Washing Machine Repair Guide
For the DIY-inclined, the below guides will assist in completing simple repairs on your washing machine. It is impossible to write guides applicable for every model of washing machine, so in some cases there may be additional steps required to complete repairs.
DISCLAIMER: Appliance Repair can be dangerous, especially when dealing with electricity. The electrical current generated from wall outlets can be enough to kill someone. Please exercise extreme caution when working with appliances. GSAR cannot be held liable for injuries due to misuse of our repair guides.
How to Remove Odor from Front-Loading Washing Machines
Front-loading washing machines require special attention for sanitation to avoid developing odors. By following these steps, you can reduce or even eliminate the odor emanating from your washing machine:
- Make sure to leave the door open after each cycle. This is necessary because mold growth occurs in enclosed, wet environments.
- Purchase a product such as Affresh, Tide Washing Machine Cleaner, or Smelly Washer® Cleaner. These products can be found in most grocery stores, or you may purchase them online. Golden State Appliance Repair’s recommendation is Affresh.
- Run a hot water cycle with one of the above products to break down any odorous debris inside of your washing machine. If your front-load has a cleaning cycle, that’s even better.
- Purchase a 1 gallon jug of white vinegar. Pour about half of the jug in the washing machine’s tub, and then run the washer’s hottest cycle or cleaning cycle if applicable. Don’t get into the habit of using white vinegar on a regular basis — extended use can result in damaging the rubber parts of your washing machine.
- For particularly difficult odors, leave the door open and remove the detergent drawer. Leave the washing machine in this condition for at least 5 days. This will allow time for odorous debris to flake off and be rinsed away with your next cycle. To expedite the process, you may position a fan blowing into your washing machine’s tub for 3 days.
- Repeat step 3.
- Wipe down your door gasket — the rubber seal between the door and tub of your washing machine. Use antibacterial wipes or a bleach-based bathroom cleaner. Particularly smelly or mold damaged door gaskets may need to be replaced.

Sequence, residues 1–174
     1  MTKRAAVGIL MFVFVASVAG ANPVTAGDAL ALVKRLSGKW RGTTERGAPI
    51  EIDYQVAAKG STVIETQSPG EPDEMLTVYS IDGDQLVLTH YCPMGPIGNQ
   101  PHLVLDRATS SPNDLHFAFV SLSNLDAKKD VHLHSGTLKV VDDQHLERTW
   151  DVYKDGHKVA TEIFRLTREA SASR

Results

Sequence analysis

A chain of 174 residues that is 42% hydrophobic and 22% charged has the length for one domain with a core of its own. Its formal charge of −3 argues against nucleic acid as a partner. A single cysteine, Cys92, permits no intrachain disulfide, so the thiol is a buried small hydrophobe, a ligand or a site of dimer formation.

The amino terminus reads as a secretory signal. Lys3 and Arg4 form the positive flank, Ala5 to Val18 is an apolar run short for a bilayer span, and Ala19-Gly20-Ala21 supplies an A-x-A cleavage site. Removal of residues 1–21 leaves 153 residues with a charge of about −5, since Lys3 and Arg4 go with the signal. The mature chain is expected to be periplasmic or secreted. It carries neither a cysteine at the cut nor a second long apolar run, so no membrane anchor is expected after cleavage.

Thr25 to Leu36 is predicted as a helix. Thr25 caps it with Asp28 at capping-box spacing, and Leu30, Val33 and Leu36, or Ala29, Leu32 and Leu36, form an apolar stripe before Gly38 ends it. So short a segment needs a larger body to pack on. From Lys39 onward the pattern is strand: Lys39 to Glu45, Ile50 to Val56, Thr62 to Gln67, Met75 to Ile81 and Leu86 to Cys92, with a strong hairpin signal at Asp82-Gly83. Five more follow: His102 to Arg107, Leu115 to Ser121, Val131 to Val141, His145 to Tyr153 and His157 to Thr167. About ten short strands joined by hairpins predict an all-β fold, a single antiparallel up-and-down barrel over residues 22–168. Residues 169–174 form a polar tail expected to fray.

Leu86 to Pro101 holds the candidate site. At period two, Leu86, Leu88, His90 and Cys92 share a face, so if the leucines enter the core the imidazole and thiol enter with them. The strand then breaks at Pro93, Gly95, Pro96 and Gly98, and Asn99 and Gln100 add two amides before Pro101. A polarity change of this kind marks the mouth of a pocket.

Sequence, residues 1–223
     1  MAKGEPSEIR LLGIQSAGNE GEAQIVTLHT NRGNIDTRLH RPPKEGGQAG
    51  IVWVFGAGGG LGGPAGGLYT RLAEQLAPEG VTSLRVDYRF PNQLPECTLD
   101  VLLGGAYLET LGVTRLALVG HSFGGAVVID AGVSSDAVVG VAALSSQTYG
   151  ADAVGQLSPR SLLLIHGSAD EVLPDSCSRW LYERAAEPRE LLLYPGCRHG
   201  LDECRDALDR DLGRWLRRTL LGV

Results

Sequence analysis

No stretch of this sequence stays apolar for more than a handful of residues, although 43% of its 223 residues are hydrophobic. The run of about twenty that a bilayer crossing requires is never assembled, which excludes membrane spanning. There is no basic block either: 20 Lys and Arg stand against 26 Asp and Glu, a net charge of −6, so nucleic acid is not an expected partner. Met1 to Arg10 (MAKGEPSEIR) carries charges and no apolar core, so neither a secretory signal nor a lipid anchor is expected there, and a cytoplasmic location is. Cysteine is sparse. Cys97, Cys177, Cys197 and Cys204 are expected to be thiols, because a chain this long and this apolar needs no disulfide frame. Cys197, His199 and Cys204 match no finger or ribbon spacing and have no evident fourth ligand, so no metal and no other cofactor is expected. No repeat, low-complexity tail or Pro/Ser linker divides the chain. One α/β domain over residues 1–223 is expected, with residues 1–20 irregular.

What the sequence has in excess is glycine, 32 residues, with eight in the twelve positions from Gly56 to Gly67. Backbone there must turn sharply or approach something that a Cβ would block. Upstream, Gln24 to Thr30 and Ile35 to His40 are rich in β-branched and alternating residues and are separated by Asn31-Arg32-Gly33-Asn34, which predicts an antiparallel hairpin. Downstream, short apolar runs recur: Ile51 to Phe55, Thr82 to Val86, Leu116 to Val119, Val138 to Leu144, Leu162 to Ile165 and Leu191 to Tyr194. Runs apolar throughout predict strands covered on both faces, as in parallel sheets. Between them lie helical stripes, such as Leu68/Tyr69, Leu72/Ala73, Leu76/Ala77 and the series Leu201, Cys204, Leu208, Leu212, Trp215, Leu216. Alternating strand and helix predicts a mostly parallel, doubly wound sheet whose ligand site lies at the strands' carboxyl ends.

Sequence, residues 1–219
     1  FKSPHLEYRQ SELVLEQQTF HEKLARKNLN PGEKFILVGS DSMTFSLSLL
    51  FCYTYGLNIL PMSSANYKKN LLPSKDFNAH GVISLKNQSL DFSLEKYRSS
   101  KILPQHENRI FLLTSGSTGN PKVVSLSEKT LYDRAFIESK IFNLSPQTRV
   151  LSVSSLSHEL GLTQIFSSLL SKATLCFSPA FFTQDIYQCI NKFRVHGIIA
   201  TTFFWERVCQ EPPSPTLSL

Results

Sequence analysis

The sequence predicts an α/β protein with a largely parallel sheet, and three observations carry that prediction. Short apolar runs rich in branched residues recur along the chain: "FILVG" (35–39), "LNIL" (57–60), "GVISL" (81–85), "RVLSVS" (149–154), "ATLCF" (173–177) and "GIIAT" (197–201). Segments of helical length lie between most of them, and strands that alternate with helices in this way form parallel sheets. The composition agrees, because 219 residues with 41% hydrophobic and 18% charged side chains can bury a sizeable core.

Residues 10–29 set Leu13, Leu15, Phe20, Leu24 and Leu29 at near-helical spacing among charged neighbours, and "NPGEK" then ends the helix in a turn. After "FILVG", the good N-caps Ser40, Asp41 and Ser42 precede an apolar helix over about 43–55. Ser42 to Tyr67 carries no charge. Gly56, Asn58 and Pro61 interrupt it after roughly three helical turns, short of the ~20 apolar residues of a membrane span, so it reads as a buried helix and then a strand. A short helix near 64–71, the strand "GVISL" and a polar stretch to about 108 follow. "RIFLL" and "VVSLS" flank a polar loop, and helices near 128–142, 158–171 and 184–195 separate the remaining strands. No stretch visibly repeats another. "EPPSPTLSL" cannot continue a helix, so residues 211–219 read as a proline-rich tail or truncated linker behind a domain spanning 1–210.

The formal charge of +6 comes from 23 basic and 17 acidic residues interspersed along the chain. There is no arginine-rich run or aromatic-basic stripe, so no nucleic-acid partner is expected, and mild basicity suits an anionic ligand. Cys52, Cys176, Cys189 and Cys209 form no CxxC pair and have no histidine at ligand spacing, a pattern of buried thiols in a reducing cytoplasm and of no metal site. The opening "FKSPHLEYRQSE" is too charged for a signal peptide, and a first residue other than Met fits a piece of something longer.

- Wipe down the inside of your door with a damp rag.
How to Remove Odor from Top-Loading Washing Machines
Top-loading washing machines can develop odors much in the same way that front-loading washing machines do. Odorous top-loading washing machines are less common, but just as aggravating to deal with. Here’s how to resolve odors from your top-loader:
- Every so often you should be using a cleaner product like Affresh, Tide Washing Machine Cleaner, or Smelly Washer® Cleaner.
- Under the lid you can sometimes visibly see the lip of the tub, which is a plastic piece that is usually white in color. You should keep this clean using antibacterial wipes or a rag with some bleach-based bathroom cleaner. This plastic piece can also be removed for a more complete wash. Depending on the washing machine, you may need a tool to remove this piece.
- Some machines have a cap on the agitator for fabric softener. This can easily be popped off and cleaned. Below this, you can sometimes access part of the inside of the agitator to can clean that as well.
- With a little bit of skill you can remove the agitator completely to allow a full and more thorough cleaning of the agitator and inside of the basket. This sometime can require tools to complete.
- Using cold water is a good idea to save on energy, but running a hot water cycle on occasion helps to break down odorous residue inside of your washing machine.
- Leaving your washing machine alone for a few days may help to resolve the odor because odorous bits will begin to flake off and may rinse out during the drain cycle.
How to Fix a Front Loading Washing Machine That Won’t Drain or Spin
This is one of the more common requests we hear from our customers. Here’s how to get your washing machine back to normal:
- Run the spin cycle (or drain/spin cycle) by itself. If you hear a clanking noise, stop the washing machine immediately and call a repair professional. If you don’t, it’s likely that you have an obstructed pump or drain hose — proceed to the next step!
- If you have an accessible lower panel or access to a visible coin trap, these may need to be cleaned out. If you don’t have an access panel, skip to step #9. The coin-trap is usually behind the lower panel door on the lower part of the washing machine. The coin-trap housing is usually an off-white color. The coin-trap is basically a plastic filter.
- Siphon the visible water or get a small cup and a bucket to extract the water from the tub.
- When unscrewing the coin-trap, be careful: there is will still be some residual water in the machine even after the previous step. Place a shallow pan — a baking pan works well — under the coin-trap opening. Slowly unscrew the coin-trap counter-clockwise, releasing the remaining water until the water stops flowing.
- The coin trap can now be completely removed.
- Once the coin trap has been cleaned, wipe down the coin trap opening completely before reassembling.
- Ensure the coin trap is tightened clockwise.
- If the washing machine has a drain/spin cycle, run just that cycle. You must get water back in the washer to see if it drains properly. If it drains properly you may have been successful. If not, you may need to call an appliance technician.
- If the washing machine doesn’t have an accessible lower panel, it can become very difficult to access the pump housing, coin-trap, or plastic filter. If this is the case, you may need to call an appliance technician.
- It’s very rare for the drainage hose to have an obstruction. If the washing machine still will not spin or drain, this is the last thing to check as it is the least likely.